Profile: Buzz Osborne (2019)

When Buzz Osborne visits Pittsburgh Saturday, Oct. 5 for punk-metal veterans Melvins’ concert at Rex Theater in South Side, he won’t hit the haunts most tourists frequent.

There will be no baseball game at PNC Park, no visit to the fountain at The Point. No photos from the Mt. Washington overlook. No sammich at Primanti’s. After soundcheck around 4 p.m. that afternoon, in fact, he’d prefer to stay at the club and eat take-out for dinner. It helps him focus on the task at hand.

“It’s really all about the work,” says Osborne in a phone interview from the road, shortly after arriving in Kansas City. “I’ve often said, ‘Why are we here?’ I’m here to do my job and unless I take this as seriously as I would any other job, it’s not right. We’re presenting music and we’re expecting people to pay for this. It’s a job. I have to take it seriously.”

That dedication to the craft has paid off for one of underground rock’s most accomplished and storied guitarists, a man whose best work frequently toes the line between Black Sabbath and Captain Beefheart.

And Osborne, better known to fans as King Buzzo, keeps busy. Melvins seem to start a new tour before even unpacking from the last one. And the band has hit Pittsburgh hard in recent years. Osborne and company played at the former Altar Bar in Strip District in 2016 with Helms Alee, and at Rex Theater at least twice – in 2017 with fellow Ipecac Recordings artists Spotlights and in 2018 with All Souls.

None of those even come close to a local debut; that happened when Melvins first played Pittsburgh back around 1990, in the band’s heady, pre-Atlantic days, Osborne says.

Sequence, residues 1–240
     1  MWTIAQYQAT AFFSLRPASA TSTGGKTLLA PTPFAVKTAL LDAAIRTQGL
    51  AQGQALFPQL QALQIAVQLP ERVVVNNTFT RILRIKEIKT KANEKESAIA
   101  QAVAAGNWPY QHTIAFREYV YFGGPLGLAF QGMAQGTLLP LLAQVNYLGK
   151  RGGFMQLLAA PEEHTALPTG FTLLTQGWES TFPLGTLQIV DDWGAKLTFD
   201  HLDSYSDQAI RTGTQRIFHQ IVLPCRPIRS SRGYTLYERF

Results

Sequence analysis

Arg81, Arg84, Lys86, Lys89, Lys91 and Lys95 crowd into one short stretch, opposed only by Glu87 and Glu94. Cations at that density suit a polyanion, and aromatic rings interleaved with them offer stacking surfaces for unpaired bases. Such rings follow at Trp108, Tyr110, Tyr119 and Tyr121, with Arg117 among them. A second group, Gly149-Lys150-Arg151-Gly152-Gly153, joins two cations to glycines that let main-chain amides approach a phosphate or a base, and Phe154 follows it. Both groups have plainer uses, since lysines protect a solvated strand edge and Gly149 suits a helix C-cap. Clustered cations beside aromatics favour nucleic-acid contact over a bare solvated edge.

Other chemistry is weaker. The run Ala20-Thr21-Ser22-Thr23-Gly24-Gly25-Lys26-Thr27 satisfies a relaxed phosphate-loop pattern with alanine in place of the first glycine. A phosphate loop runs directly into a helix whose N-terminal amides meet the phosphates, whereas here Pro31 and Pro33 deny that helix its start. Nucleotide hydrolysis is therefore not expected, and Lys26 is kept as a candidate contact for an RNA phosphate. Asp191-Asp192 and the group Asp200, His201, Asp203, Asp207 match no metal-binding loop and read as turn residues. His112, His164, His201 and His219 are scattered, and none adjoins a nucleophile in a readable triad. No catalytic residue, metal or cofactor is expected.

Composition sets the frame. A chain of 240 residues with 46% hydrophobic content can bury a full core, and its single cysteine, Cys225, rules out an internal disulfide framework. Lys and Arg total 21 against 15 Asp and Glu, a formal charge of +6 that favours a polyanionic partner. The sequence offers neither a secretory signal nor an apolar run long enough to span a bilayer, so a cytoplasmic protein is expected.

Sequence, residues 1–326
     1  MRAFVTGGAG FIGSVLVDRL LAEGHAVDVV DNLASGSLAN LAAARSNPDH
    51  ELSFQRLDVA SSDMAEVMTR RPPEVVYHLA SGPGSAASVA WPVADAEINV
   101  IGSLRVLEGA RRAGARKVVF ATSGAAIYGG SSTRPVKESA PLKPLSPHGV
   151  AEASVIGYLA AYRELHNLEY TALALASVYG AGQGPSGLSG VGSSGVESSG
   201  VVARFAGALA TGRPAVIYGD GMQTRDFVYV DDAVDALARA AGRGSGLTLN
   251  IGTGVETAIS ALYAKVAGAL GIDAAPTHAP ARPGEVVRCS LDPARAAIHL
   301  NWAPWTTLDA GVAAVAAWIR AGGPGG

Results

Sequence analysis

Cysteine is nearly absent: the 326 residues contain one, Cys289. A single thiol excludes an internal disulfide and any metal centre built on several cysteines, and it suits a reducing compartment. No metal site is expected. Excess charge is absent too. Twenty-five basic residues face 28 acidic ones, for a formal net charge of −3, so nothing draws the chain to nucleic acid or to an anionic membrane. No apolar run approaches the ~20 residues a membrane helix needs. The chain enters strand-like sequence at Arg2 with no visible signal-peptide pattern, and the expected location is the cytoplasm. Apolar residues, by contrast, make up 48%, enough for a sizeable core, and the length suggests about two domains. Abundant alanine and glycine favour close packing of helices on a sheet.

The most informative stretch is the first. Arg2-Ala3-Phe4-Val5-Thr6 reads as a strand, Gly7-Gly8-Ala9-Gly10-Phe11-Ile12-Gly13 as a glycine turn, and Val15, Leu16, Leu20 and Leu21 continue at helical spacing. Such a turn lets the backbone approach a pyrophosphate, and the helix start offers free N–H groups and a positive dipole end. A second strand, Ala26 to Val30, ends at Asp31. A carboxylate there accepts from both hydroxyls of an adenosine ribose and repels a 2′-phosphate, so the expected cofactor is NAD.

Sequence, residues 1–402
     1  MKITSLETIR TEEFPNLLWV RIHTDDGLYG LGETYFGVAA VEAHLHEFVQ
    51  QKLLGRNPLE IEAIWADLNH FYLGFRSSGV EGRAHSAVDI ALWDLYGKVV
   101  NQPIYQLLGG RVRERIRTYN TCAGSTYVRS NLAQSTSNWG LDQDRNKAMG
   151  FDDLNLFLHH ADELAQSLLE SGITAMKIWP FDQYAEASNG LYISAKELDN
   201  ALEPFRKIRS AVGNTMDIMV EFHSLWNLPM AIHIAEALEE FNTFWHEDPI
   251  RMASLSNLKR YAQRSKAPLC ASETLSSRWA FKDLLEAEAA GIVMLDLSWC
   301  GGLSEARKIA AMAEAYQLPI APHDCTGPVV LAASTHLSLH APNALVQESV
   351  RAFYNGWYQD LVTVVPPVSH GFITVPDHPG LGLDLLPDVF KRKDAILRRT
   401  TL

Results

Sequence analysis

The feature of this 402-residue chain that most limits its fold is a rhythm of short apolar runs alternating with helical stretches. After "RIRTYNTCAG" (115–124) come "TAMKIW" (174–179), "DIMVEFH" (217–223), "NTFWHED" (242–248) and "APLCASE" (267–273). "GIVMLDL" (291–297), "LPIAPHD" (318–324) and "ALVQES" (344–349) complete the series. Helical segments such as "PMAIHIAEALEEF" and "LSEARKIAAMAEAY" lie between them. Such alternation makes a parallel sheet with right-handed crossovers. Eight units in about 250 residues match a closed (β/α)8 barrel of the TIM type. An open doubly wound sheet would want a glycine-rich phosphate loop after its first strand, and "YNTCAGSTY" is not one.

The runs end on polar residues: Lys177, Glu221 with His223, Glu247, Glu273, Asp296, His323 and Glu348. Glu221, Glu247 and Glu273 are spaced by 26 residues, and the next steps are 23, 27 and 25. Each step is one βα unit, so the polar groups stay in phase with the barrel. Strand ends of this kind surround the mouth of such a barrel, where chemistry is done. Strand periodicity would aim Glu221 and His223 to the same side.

“It was a lot more hilly than I expected and it looked like the set for ‘Deer Hunter,’” which, of course, it was. “Pittsburgh was good enough for the Andy Warhol Museum – it’s good enough for us.”

Some bands skip Pittsburgh in favor of going from Cleveland right to Philadelphia. Not Melvins. It’s playing Pittsburgh and Cleveland. And Philadelphia. And Columbus. The trio, which features Osborne, drummer Dale Crover, and bassist Steven McDonald, does nothing if not hit the stage with a preacher’s fervor for the pulpit.

“Pittsburgh’s on the way to everything else,” Osborne says. “I’m not afraid of anywhere. I’m happy we can do a show where people are out at all. If there’s someone in Pittsburgh who wants to see us, I’ll play.”

For those keeping count, yes, Melvins is rotating live staple “It’s Shoved” into the fall tour rotation, Osborne confirmed. But he also guards the secrets behind the setlists carefully, while stressing there’s a method to it all.

“You think of [the setlist] more as you would a Broadway musical – when you go to see ‘West Side Story,’ they don’t mix up the set,” Osborne said. “We work out the sets before we leave. We play a different set every night and it shows. I’ve really thought about this set and this set order for reason. Every bit of that 60 minutes matters.”

Melvins isn’t touring to support a new full-length LP, though it recently released split-singles with both Redd Kross and Flipper.

“At this point in the game, touring and selling one record in any traditional form is absurd,” Osborne said. “We’re out here to sell all of our records.”

To that end, he said, fans can expect an eclectic set with material from throughout the band’s 20+ studio albums, half-dozen EPs, and scores – upon scores! – of one-off singles.

“I want to transform myself, be somewhere else, when I’m up on stage,” Osborne said. “I want to give people something they don’t always get when I’m up on that stage.”

“It’s a tough road to hoe. But that’s the plan.” – Justin Vellucci, Pittsburgh Current, Oct. 1, 2019


About the author

Justin Vellucci is a staff writer for PopMatters, Spectrum Culture, and MusicTAP, a contributor to Pittsburgh Current, and a former staffer for Popdose, Punk Planet and Delusions of Adequacy. His music writing has appeared in national magazines such as American Songwriter, alt-pubs like The Brooklyn Rail, Pittsburgh CityPaper and San Diego CityBeat, blogs Swordfish, Punksburgh and Linoleum, and the Gannett magazine Jetty. He lives in Pittsburgh.

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